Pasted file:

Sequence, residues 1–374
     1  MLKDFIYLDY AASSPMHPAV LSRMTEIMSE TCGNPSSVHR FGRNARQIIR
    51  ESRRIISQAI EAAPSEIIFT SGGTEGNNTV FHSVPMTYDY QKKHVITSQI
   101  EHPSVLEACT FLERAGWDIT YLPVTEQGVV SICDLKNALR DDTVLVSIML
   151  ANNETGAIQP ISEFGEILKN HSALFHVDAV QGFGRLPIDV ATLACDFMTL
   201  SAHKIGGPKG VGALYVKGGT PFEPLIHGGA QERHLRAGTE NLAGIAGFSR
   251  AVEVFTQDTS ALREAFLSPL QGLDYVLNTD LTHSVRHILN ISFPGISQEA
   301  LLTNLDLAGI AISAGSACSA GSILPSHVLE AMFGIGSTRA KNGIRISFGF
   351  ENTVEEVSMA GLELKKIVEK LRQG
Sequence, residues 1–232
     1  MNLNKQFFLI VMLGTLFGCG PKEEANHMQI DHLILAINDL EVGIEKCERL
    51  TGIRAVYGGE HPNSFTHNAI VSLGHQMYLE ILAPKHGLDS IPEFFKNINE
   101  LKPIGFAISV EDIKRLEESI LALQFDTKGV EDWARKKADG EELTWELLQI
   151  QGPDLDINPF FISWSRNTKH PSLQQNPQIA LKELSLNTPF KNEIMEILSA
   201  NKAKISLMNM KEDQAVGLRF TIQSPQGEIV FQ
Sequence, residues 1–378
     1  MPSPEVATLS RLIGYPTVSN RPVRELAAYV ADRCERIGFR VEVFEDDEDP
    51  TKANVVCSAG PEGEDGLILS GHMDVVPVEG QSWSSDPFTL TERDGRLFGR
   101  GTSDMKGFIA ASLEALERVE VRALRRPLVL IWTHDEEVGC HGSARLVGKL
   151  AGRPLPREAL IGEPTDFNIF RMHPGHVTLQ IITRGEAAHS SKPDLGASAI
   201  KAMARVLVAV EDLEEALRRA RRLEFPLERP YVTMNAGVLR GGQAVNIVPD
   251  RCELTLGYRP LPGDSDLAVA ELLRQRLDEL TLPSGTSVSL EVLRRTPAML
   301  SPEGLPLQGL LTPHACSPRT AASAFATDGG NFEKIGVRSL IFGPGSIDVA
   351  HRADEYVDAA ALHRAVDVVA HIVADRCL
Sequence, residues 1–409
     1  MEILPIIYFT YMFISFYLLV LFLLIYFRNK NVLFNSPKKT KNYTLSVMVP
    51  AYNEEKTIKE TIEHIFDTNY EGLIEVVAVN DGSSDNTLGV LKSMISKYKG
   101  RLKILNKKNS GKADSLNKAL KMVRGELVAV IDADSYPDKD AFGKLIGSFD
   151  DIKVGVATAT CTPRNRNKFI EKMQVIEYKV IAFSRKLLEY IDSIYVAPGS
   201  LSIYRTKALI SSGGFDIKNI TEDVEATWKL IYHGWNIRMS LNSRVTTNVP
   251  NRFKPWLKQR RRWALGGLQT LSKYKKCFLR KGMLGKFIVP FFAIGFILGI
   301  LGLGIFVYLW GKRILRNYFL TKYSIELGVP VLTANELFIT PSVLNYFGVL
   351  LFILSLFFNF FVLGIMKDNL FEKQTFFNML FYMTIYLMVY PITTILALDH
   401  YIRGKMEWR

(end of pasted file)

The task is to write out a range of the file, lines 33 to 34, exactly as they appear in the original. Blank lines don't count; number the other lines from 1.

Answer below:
   351  LFILSLFFNF FVLGIMKDNL FEKQTFFNML FYMTIYLMVY PITTILALDH
   401  YIRGKMEWR